The contract

The Air Force solicited bids for the new contract in December 2017. A closer inspection of the draft contract documents shows that Air Force leaders are happy to take the extra taxpayer money for the project, but they aren’t in much of a hurry to actually receive the new wings for the A-10s. Based on the schedule, the time allotted in the contract, and the timeline of the earlier effort, it might be four years before the first new set of wings is delivered for testing and six years until the first production model is delivered. By that time, 53 or more A-10s may have been sent to the boneyard because their current wings have too many flight hours to be flown safely.

In truth, the Air Force wants to ground the entire fleet much sooner. The Air Force’s A-10 System Program Office created a timetable for grounding the entire fleet by 2025. According to a timetable, which was acquired by the Project On Government Oversight, the Air Force would begin mothballing the remaining fleet in 2019 and speed up the retirements over the next seven years.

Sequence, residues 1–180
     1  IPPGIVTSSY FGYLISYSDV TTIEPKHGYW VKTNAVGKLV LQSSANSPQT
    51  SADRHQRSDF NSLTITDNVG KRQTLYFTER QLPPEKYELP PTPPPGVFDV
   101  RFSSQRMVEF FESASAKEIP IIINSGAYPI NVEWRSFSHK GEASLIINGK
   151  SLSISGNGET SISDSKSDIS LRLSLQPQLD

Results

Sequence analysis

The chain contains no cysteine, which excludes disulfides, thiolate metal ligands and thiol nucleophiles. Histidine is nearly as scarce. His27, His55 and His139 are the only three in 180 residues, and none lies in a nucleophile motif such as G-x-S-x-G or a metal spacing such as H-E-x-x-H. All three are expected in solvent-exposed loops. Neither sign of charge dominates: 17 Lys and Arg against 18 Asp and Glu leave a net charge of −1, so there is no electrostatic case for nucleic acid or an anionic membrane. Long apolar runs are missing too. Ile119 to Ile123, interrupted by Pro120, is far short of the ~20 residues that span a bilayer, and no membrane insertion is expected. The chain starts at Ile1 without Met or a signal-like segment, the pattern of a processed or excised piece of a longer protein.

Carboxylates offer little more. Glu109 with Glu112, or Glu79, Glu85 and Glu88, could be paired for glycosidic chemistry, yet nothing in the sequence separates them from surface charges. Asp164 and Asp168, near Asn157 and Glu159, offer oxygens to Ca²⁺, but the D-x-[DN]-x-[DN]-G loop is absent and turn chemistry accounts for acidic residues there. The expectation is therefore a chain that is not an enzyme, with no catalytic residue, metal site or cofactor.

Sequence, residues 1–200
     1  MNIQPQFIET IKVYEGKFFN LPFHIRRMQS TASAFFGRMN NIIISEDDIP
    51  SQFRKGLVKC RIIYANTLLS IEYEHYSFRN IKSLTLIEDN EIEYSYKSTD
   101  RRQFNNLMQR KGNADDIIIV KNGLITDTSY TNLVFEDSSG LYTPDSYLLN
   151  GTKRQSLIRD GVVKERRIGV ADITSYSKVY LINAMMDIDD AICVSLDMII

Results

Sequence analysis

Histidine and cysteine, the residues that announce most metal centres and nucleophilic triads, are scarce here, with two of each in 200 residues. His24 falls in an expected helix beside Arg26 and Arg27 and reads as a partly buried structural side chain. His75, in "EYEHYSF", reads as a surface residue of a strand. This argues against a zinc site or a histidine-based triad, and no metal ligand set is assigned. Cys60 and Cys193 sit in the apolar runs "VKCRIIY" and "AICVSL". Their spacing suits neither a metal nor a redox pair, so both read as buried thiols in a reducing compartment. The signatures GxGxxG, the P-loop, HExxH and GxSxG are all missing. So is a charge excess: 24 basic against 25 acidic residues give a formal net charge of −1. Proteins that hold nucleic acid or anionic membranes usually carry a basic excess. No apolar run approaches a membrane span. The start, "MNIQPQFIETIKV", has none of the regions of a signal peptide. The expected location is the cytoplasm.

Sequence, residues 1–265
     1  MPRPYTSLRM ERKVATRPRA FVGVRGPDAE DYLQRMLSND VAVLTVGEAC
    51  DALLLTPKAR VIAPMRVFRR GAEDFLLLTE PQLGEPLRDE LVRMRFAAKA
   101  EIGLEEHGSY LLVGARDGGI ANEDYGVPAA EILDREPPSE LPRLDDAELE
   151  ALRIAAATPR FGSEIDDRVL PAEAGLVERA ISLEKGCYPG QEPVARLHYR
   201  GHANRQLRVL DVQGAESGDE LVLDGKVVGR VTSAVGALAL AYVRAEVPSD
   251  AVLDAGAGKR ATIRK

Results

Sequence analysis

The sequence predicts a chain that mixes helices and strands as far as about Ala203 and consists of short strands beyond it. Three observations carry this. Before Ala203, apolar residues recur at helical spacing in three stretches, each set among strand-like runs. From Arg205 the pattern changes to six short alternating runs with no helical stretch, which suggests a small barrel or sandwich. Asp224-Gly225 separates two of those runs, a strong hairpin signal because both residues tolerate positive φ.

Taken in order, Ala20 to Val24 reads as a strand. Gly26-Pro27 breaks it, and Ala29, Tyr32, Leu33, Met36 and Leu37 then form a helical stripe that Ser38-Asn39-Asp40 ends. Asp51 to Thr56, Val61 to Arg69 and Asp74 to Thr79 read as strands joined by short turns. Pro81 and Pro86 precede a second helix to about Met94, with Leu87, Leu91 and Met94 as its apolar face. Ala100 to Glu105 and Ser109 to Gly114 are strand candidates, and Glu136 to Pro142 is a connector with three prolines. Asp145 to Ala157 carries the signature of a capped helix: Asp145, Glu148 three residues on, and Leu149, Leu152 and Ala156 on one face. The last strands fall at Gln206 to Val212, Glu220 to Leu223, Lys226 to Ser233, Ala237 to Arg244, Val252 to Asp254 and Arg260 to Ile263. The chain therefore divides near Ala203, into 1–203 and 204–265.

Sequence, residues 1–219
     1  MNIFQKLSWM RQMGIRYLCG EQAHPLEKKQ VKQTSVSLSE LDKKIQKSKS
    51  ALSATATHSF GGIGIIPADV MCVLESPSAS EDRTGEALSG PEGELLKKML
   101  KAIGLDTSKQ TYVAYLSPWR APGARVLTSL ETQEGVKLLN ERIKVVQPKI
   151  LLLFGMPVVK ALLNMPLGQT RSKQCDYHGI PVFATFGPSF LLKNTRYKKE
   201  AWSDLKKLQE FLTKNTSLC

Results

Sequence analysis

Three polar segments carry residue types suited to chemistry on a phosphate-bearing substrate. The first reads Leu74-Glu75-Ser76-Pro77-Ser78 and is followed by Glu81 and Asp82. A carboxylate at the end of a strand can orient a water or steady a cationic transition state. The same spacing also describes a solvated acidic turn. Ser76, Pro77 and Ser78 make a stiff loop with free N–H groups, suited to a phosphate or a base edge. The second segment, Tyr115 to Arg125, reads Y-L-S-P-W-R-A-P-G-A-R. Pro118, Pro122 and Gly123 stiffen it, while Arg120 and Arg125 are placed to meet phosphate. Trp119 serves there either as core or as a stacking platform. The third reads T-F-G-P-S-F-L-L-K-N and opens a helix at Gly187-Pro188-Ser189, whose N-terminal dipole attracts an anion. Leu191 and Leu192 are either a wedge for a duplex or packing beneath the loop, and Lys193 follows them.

The Air Force has established a schedule for the re-winging project that can generously be called leisurely. Contracting officials sent out the bid solicitation documents on December 22, 2017. If they stick to the draft schedule, the interested contractors will be submitting their bid proposals the first week of June 2018.

The Air Force will spend nearly nine months evaluating these bids before the contract will be awarded on March 25, 2019. Readers will remember that this 15-month process is not creating a new product; it is simply re-contracting for wings that have been in production for nearly a decade and were arbitrarily cancelled less than two years ago.